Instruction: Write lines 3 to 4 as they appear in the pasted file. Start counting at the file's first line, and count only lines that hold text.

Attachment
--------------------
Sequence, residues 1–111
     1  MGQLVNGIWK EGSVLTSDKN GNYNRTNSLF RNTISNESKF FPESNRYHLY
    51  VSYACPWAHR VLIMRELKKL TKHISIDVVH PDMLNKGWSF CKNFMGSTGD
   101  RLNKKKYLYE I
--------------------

    51  VSYACPWAHR VLIMRELKKL TKHISIDVVH PDMLNKGWSF CKNFMGSTGD
   101  RLNKKKYLYE I